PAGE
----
- Development & Aid
- Economy & Trade
- Human Rights
- Global Governance
- Civil Society
Tuesday, February 9, 2016
- Prime Minister Dr. Denzil Douglas remembers how quiet – even uneventful – this tiny twin-island federation was for the first four decades of his life.
But over the past 10 years, St. Kitts and Nevis, as well as the rest of the Caribbean, have seen radical climatic shifts. There is no question in Douglas’s mind that these changes are the direct results of climate change.
“Growing up, I knew nothing of hurricanes, (but) in the last decade St. Kitts and Nevis has felt the wrath of hurricanes like never before,” said Douglas, who has been the head of government here for the last 17 years.
Yet the islands of St. Kitts and Nevis are “hardly unique” in experiencing these hurricanes, Douglas said. “We can remember only too well the brutality of (hurricanes) Ivan and Emily” in Grenada in 2004 and 2005, despite the fact that at the time, Grenada was considered “very safely nestled in the more southerly reaches of our archipelago”, he told IPS.
In July 2005 Hurricane Emily left a trail of destruction in Grenada, which was still recovering from the ravages of Hurricane Ivan the previous year.
Those who live in the region face multifaceted and troubling ramifications as a result of climate change, Douglas, who has primary responsibility for the environment and climate change in the quasi-cabinet of the Organisation of Eastern Caribbean States (OECS), told audience members from across the region during a climate change seminar earlier in September.
The OECS is a nine-member group comprised of Antigua and Barbuda, Dominica, Grenada, Montserrat, St. Kitts and Nevis, St. Lucia, and St. Vincent and the Grenadines. Anguilla and the British Virgin Islands are associate members.
Douglas stressed that policymakers need to jump into action, as climate change has a dimension to it that is both urgent and existential.
“More than ever we are confronted with the threat of frequent and severe droughts, hurricanes, dwindling fish stock and all of the other threats that so clearly reflect the nature of our own island existence,” Douglas said.
Engaging the community
Michael Taylor from the United States Agency for International Development (USAID) agreed with Douglas on the need for urgent action, saying the conference at which Douglas spoke was quite timely. But he added that while government involvement is key in terms of sustainability, community participation is even more critical for continuity.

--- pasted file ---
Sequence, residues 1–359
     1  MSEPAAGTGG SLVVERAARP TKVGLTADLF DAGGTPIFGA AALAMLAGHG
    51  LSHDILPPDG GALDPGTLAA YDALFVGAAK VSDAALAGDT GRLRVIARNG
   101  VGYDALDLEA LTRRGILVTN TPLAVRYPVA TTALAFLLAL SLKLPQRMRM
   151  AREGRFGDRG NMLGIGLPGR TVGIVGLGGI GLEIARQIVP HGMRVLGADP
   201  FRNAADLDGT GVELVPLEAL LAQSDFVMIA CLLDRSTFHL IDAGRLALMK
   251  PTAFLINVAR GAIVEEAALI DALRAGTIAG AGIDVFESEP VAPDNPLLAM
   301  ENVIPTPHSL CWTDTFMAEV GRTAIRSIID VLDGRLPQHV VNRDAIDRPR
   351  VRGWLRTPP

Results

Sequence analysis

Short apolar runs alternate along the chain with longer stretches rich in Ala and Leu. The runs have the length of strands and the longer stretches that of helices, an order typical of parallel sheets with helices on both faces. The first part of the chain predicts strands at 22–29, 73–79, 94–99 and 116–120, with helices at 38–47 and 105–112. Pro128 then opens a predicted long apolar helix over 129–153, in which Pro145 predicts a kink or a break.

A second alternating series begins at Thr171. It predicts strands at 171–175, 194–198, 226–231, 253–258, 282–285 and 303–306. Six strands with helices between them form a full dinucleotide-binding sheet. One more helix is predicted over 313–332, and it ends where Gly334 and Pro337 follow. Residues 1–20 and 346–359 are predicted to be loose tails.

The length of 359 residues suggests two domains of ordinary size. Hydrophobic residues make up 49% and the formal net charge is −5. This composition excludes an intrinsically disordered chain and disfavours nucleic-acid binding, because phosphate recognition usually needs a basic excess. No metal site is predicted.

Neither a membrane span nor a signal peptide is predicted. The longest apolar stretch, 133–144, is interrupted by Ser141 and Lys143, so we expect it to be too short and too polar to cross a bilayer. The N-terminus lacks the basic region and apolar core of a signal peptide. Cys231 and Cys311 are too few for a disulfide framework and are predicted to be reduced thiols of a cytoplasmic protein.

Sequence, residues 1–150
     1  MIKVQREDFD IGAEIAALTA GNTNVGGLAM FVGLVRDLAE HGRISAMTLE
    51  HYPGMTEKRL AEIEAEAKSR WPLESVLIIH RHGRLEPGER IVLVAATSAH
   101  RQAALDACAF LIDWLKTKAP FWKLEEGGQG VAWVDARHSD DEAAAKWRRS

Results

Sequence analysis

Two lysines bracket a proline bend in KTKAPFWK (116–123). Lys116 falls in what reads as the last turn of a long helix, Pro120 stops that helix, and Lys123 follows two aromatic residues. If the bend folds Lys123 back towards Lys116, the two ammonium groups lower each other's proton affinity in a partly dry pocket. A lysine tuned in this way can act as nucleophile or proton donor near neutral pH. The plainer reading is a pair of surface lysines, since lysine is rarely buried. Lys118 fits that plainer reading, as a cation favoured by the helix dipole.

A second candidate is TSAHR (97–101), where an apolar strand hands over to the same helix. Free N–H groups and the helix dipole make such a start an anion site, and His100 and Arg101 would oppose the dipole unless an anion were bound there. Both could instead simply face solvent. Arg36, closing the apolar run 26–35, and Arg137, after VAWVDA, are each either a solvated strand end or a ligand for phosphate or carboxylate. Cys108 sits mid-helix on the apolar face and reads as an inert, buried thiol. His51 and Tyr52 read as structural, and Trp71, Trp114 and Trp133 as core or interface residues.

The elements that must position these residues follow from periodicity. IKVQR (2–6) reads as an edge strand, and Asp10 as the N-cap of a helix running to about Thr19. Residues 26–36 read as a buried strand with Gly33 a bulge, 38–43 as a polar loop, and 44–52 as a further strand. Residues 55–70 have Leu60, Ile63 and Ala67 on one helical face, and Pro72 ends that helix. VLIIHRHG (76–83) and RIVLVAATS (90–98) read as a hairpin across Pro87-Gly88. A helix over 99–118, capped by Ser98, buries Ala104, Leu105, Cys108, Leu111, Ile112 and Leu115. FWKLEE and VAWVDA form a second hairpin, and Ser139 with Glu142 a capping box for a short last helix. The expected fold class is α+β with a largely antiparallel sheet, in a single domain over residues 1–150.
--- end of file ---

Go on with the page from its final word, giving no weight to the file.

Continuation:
“The training of civil society organisations and non-governmental organisations is critical in building general awareness to secure effective resilience of communities and their adaptation to climate change,” Taylor said.
“Unless the local population fully understands the issues and are prepared to make a commitment to participate actively, success can be jeopardised,” he said.
Last year, USAID supported a similar workshop in St. Lucia that examined climate impacts related to managing water resources. As a result, national initiatives are now being implemented in several Caribbean countries.
These include Nevis, through the development of a master plan for the water sector; rainwater harvesting in St. Vincent; and the distribution of desalinated water procured through reverse osmosis to householders in Bequia.
OECS Commissioner of St. Kitts Astonia Browne told IPS that like most small-island developing states, the environments of OECS member states and the challenges they face are characterised by their small geographic area, small open economies, limited infrastructure and high vulnerability to natural disasters. These countries must find their own way in confronting these challenges, as external funding is hard to come by.
The United Nations Framework Convention on Climate Change identifies the Caribbean region as one of the most vulnerable regions to be threatened by climate change impacts over the next 30 to 50 years. The region will have to grapple with increased temperatures, more tropical storms, flooded wetlands and coastal lowlands, sea level rise, and more.
“We cannot wait for the developed world to determine whether or not we survive climate change. Each of us must do what is within our power to act towards reducing our vulnerabilities and building our resilience,” Browne said.
She expressed concern that natural resources are degraded by practises such as poorly planned development, population growth, pollution, exploitation of resources, and more. Unless they are brought under control, countries will not be able to withstand the impacts of climate change.
They will lose the ability to “provide services and functions vital to the sustainable development of our small island economies”, Browne warned.
Preserving the tourism industry
Participants in the two-day seminar, held under the theme “Climate Change and Our Coast – Exploring Possibilities, Finding Solutions”, examined the impact of climate change on the critical sector of tourism and the policies and processes used to address these challenges.
Douglas called the implications of climate change “obvious and catastrophic for tourism”. He said that adaptation integrated across a wide range of sectors, rather than in a piecemeal fashion, is the only way the region will be able to deal with the effects of climate change.
“Tourism will be particularly hard hit by climate change. As ocean temperatures rise, many coral reefs will experience bleaching”, which leads to “decreased interests in diving and snorkelling and a significant loss in associated revenues”, he said. “With more frequent and violent storms, beaches, coastal development and coastal infrastructure will be severely threatened.”
“It has been suggested that climate change is the greatest threat that small island nations face,” Douglas said. He agreed with the idea, he continued. “Climate change compounds all the other threats and hazards that we face.”